Whereas revolutions are more or less abating in other regions of the world today, the Middle East still finds itself in the throes of revolution. A new wave of revolutionary upheavals has begun since January 2011 and continues to shape the politics of the region. In theoretical terms, four aspects of these political revolutions need to be studied: 1) Taxonomy; 2) Etiology; 3) Morphology, and 4) Teleology. Hence, in the first few weeks of the course we will study the major theories of revolution. Then in light of the theoretical discussion, we will explain the new wave of revolutions in the Middle East in terms of their causes and consequences. In every historical case we will discuss the following sequence of processes:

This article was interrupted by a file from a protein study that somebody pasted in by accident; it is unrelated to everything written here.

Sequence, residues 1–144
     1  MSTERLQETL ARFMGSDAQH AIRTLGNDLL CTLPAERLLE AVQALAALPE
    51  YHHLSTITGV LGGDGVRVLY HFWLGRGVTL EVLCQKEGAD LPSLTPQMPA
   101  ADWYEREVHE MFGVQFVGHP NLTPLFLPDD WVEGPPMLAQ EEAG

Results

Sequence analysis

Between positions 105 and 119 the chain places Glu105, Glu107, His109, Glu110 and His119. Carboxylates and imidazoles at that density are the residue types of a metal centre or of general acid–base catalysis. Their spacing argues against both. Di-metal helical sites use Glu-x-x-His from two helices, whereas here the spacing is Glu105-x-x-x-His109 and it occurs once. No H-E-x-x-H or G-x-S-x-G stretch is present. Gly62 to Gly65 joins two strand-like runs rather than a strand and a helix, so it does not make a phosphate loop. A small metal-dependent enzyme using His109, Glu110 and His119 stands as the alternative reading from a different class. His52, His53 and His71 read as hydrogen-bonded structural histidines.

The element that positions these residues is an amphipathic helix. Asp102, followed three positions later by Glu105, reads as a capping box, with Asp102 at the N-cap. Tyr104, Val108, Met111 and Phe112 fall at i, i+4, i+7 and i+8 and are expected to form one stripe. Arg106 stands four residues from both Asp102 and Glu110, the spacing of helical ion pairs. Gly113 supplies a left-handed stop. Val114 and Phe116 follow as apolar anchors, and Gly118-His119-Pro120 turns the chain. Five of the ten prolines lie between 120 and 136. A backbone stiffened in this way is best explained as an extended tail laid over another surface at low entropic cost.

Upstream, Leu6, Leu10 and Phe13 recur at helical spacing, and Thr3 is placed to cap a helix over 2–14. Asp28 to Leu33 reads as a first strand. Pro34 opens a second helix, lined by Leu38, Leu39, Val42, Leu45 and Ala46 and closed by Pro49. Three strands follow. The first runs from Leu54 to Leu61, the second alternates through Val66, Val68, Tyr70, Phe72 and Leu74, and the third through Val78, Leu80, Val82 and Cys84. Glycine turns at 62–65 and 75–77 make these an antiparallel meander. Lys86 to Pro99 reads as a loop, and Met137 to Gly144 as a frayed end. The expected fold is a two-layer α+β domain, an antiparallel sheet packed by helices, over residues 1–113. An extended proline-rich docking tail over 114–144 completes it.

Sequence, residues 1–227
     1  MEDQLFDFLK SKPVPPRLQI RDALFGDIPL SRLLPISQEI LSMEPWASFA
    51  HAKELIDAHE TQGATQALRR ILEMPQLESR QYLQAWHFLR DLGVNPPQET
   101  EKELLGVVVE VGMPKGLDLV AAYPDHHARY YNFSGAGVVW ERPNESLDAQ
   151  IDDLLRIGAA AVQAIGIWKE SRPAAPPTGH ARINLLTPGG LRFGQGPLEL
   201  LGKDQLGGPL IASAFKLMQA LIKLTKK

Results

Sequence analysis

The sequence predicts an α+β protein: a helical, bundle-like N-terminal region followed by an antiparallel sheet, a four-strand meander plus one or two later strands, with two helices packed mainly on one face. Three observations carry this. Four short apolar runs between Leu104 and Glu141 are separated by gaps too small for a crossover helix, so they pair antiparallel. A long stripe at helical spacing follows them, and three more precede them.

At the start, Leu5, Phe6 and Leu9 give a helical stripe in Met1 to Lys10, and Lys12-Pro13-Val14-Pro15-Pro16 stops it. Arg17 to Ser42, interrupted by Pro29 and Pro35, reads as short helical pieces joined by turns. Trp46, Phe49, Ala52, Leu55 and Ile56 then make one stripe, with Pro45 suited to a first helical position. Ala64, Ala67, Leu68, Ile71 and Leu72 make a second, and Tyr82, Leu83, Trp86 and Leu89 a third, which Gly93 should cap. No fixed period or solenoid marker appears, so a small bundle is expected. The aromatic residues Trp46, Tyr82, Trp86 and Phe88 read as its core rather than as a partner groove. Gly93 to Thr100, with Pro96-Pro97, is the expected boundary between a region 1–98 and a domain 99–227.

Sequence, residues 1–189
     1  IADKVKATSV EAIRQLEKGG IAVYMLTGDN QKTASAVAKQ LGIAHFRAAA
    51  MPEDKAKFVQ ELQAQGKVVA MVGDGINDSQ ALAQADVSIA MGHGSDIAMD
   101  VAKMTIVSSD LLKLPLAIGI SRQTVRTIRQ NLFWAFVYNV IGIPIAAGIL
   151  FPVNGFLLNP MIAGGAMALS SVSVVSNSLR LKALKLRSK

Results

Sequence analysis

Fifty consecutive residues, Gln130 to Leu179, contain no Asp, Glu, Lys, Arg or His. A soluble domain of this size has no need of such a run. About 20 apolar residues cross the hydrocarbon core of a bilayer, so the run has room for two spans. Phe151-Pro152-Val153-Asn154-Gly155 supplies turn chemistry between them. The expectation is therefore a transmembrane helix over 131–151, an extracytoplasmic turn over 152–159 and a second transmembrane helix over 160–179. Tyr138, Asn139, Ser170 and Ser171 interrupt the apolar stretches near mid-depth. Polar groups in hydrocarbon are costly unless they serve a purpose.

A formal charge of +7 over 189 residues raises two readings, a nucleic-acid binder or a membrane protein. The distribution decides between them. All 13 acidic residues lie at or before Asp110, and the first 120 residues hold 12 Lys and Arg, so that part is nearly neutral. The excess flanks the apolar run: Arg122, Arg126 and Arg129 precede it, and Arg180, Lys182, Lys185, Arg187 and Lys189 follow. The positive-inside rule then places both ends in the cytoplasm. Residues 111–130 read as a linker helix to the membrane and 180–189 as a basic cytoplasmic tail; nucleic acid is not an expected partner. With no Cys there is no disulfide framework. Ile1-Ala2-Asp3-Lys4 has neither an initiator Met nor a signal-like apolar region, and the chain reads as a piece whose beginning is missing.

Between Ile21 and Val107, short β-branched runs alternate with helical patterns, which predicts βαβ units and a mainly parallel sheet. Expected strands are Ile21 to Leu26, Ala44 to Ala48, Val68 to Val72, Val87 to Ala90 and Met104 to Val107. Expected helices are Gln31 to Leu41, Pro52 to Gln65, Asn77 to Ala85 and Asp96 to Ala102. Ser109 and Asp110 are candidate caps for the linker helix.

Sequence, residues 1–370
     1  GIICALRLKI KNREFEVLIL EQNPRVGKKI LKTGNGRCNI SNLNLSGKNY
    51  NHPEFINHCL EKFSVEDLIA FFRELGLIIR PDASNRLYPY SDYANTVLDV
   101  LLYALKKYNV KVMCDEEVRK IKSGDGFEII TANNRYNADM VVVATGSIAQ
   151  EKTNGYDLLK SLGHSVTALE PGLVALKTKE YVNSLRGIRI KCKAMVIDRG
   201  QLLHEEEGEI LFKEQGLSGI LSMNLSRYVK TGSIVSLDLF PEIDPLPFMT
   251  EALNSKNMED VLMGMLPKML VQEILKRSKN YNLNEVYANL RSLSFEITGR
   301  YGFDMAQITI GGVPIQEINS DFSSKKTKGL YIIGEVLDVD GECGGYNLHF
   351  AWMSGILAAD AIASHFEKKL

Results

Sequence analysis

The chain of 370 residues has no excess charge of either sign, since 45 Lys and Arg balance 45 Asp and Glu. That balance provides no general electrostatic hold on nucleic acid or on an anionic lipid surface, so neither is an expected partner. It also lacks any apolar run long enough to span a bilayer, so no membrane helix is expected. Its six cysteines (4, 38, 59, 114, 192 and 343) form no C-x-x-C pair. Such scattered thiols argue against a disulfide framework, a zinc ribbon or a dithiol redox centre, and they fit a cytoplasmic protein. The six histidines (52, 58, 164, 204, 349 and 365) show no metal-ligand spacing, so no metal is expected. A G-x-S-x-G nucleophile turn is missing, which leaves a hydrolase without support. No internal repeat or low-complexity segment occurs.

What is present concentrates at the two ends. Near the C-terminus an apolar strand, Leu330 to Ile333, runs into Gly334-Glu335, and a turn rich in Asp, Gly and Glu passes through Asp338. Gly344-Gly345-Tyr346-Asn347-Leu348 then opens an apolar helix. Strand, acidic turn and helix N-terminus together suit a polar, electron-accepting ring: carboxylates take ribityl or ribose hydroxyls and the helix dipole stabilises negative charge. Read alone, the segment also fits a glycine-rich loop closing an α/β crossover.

1- The pre-revolutionary authoritarian stability;
2- How crises emerge and provide opportunities for collective action;
3- Oppositions, and their modes of mobilization;
4- The complex interactions between authorities and oppositions including the possibility of repression, accommodation, and revolution;
5- Post-revolutionary power struggles.

PSC 393 m001 Middle Eastern Political Systems *

Instructor: Hossein Bashiryeh
Class #: 12569
Offered: M/W 3:45 pm-5:05 pm 
Frequency Offered: Irregularly 
Prerequisites: None 

Cross-listed with MES 393.001 

Course Description